The band’s image and performances are enhanced with their wild aesthetic creativity
If he’s not covered in shaving cream emerging from a coffin or rockin’ a cute frilly skirt and fishnets, then chances are that of Montreal’s frontman, Kevin Barnes, might just be performing in nothing but a ribbon seductively wrapped around his body (leaving all the good parts exposed).
Originating from the depths of Athens, Georgia, this paragon of an artistic orgy goes beyond the goal of auditory magnificence to bring its listeners complete corporeal and transcendental liberation through the multiple forms of art they create.
Yet somehow, the band’s mastermind lives up to Lord Gunge’s (from hip-hop funk duo Grand Buffet) label of being “the kinkiest motherfucker I have ever seen in my
life” as said in an interview for the documentary of the band called The Past is a Grotesque Animal. This emphasis on their visual appearance is in no way a distraction from lazy song writing, nor are they trying to sell a lifestyle as many contemporary musicians attempt, but rather, their optical artistry is simply one piece of the overall brilliance they ooze.
It’s moderately impossible to describe the aesthetic madness within of Montreal’s wacky theatrics, save for maybe a kaleidoscopic mind-fuck that incorporates gender-bending, morphsuits and horse riding in nothing but gold booty shorts (yes, they actually had a live horse on stage back in 2008 at the Roseland Ballroom, NYC). Even the mere words that describe it seem like a watered down version of what actually goes on inside the venue walls at one of their concerts. Being not nearly as insignificant or unheard of as one might have presupposed, of Montreal has toured with artists such as Deerhoof and MGMT, borrowed a band member from Elf Power, collaborated with Foxygen, Solange Knowles, Janelle Monae, had a song featured in an episode of Weeds and even had Susan Sarandon perform at a few of their shows who explained, in the documentary: “the first time I met the band I was actually kind of [dressed up as] a teacher with a ruler and I sat on Kevin and spanked a man in a naked pig costume.”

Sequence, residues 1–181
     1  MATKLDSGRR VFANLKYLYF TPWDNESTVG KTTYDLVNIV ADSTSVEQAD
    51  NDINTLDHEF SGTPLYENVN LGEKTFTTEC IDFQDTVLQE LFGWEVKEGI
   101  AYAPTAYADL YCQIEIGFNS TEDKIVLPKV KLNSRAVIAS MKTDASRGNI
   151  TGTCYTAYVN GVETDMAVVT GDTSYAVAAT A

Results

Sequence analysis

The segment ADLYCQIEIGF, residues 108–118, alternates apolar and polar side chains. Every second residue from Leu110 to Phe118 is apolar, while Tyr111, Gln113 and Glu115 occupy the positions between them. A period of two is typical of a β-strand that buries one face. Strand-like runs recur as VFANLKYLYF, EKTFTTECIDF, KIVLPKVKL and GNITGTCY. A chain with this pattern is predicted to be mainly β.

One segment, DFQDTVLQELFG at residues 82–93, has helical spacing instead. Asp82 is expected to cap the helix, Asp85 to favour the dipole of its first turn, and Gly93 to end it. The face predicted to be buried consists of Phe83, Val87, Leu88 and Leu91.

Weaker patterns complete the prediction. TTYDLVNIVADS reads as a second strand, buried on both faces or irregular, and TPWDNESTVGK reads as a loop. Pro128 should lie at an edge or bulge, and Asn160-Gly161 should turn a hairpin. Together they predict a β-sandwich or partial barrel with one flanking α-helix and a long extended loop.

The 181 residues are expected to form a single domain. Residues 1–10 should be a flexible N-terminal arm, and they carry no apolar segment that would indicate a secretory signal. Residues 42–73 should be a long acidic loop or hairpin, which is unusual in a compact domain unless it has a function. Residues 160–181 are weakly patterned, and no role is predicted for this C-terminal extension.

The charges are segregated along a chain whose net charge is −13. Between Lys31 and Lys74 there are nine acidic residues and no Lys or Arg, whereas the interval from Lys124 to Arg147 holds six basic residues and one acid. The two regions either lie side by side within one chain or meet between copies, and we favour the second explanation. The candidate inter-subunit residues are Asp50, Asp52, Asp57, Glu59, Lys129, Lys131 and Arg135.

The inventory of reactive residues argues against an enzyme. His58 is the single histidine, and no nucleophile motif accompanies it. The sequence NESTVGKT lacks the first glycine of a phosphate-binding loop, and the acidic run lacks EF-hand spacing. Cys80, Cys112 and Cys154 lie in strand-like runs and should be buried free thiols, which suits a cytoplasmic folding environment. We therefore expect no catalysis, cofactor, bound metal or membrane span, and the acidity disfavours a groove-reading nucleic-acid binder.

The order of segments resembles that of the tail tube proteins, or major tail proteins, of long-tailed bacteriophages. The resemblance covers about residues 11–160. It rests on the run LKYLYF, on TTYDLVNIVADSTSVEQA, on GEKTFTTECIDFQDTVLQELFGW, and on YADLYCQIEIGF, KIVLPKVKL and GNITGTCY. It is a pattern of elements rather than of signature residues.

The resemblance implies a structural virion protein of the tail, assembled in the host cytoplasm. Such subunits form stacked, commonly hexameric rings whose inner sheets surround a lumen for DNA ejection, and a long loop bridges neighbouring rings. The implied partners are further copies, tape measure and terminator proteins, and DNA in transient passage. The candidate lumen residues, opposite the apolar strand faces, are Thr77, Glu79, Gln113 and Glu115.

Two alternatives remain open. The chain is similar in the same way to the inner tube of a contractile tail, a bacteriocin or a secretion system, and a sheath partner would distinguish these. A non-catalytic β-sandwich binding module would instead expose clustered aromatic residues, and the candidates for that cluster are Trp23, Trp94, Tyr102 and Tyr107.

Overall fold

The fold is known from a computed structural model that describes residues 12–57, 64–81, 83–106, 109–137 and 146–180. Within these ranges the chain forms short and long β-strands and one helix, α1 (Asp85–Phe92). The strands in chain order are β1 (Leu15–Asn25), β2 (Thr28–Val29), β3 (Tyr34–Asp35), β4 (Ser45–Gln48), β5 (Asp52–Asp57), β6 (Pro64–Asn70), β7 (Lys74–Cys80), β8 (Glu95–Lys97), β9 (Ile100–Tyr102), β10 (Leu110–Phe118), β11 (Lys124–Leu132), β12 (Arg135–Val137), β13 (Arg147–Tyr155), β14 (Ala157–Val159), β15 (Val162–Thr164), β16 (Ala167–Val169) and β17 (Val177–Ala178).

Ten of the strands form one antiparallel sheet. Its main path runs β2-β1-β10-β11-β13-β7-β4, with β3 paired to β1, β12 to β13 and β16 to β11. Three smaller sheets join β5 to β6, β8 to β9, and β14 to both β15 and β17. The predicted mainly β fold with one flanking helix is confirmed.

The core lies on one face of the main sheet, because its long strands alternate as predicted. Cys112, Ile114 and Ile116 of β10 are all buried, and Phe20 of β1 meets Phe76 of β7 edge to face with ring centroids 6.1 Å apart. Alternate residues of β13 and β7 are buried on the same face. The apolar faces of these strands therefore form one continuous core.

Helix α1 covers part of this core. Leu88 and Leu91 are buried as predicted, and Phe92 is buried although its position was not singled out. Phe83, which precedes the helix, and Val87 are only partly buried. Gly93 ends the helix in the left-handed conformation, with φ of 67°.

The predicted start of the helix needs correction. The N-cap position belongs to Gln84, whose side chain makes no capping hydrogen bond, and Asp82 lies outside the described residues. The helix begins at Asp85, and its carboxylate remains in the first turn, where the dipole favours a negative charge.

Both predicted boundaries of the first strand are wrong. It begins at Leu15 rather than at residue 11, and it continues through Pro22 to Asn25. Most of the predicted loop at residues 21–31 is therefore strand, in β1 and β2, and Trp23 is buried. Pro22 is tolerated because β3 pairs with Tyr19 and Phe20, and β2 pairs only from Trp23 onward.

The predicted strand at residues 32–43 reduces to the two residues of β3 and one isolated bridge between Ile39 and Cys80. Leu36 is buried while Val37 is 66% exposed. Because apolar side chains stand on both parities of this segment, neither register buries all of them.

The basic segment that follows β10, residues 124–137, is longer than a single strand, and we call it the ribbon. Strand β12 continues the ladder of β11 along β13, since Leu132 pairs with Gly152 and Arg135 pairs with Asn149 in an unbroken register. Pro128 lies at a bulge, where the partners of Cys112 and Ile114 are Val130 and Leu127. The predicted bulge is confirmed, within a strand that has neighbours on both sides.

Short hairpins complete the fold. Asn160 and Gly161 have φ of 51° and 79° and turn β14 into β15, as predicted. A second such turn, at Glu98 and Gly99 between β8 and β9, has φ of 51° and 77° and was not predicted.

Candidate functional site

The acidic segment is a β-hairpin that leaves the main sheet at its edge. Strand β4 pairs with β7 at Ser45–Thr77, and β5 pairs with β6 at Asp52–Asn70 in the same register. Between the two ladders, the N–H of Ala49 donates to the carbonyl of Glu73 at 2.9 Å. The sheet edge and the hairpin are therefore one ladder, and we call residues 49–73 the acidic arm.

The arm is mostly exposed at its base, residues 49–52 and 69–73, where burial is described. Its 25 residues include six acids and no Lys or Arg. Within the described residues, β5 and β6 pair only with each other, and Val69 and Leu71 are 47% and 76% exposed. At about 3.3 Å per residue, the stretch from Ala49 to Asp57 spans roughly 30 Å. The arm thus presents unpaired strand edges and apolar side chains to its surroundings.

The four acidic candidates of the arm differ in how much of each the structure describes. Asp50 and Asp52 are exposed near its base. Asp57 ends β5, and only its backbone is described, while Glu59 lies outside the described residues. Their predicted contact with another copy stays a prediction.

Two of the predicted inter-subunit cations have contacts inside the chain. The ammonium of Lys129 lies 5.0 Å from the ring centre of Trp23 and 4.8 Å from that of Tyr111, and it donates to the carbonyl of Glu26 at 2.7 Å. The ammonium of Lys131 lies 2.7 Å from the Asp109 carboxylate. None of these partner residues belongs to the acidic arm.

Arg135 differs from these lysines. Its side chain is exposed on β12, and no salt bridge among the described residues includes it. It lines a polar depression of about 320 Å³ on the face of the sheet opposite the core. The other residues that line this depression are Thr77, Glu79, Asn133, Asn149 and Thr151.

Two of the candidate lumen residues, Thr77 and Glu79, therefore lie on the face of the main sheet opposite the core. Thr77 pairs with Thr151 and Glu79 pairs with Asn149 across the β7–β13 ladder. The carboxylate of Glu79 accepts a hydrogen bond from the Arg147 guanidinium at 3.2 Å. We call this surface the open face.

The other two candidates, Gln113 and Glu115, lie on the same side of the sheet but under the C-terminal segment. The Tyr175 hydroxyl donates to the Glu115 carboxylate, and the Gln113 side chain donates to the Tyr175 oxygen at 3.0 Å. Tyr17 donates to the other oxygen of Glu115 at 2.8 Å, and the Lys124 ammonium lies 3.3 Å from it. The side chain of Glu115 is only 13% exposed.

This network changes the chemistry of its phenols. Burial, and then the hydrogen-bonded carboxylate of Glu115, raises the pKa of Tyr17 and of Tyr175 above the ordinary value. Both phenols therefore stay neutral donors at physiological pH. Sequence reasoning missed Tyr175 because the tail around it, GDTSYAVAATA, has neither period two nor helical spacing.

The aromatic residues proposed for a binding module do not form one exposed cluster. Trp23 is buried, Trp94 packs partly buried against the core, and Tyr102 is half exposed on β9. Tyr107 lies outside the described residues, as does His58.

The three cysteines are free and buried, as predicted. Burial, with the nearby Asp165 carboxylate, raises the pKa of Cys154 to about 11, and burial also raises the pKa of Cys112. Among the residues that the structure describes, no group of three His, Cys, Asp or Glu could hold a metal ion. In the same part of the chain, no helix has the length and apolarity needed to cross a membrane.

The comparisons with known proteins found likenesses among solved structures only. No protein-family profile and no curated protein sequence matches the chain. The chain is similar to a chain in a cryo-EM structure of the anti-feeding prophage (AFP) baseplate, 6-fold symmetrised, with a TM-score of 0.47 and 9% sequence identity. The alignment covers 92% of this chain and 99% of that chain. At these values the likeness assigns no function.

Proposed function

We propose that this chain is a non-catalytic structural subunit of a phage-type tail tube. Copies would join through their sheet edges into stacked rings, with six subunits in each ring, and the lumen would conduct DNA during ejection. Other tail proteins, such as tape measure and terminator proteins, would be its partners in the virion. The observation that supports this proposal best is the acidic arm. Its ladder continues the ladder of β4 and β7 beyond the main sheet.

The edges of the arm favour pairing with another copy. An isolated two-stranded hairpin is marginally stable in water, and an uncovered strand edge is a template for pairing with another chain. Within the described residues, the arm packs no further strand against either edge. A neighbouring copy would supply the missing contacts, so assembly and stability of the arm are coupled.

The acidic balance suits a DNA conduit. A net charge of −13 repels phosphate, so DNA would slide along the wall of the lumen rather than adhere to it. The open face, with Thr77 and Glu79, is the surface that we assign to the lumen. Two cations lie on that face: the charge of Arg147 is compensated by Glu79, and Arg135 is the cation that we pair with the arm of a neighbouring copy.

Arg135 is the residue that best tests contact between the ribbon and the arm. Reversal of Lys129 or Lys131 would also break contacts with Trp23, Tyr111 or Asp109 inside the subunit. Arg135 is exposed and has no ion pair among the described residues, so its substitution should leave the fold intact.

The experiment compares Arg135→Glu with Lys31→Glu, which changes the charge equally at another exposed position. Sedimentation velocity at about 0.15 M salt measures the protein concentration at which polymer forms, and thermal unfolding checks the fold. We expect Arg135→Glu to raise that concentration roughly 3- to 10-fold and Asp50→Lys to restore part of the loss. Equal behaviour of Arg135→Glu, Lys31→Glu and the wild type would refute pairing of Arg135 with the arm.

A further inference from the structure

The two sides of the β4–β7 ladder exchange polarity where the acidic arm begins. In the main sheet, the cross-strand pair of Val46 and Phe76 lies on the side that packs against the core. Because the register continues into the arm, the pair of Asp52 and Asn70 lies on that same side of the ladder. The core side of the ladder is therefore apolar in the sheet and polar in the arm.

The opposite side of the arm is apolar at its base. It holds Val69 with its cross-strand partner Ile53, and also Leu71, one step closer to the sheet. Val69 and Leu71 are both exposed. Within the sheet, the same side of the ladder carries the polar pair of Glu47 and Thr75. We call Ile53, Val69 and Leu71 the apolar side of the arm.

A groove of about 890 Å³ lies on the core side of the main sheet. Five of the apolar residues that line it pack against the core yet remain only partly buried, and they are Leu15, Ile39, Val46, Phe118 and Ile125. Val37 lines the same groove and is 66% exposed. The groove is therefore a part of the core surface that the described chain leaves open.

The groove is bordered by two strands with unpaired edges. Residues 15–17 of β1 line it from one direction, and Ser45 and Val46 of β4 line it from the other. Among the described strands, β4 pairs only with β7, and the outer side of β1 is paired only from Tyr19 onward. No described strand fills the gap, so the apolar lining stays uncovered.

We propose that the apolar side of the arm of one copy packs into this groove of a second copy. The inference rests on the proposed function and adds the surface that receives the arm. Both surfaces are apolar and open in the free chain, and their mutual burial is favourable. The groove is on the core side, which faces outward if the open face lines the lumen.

The only thing weirder than their look might just be the music itself, ranging from Sesame Street-like echoes to glam-funk bursts of psychotic energy. Song titles that go from “Happy Yellow Bumblebee,” to “Big Tittied Sluts,” each album exploring a different universe of style without sacrificing their ‘authenticity,’ whatever that may be. What’s even more impressive is how they’ve manage to pull this all off without insane amounts of money and professional designers that modern pop artists have access to: it’s Barnes’ brother David who directs the skits and costume designs they feature at their concerts. Back in 2013 during an interview with WKDU Philadelphia 91.7FM, Kevin described that “of Montreal has sort of become its own collective within itself with all of these people contributing ideas, and working together, [it’s] my brother and my wife that do a lot of the album artwork and animation that we have live. Everyone is performing different roles within the group.” This renders of Montreal one of the few unique ensembles that radiate complete sensory titillation through extremely personal and genuine lyricism: they simply take ‘art’ to a whole different level.
The band is releasing their 13th studio Album Aureate Gloom on March 3.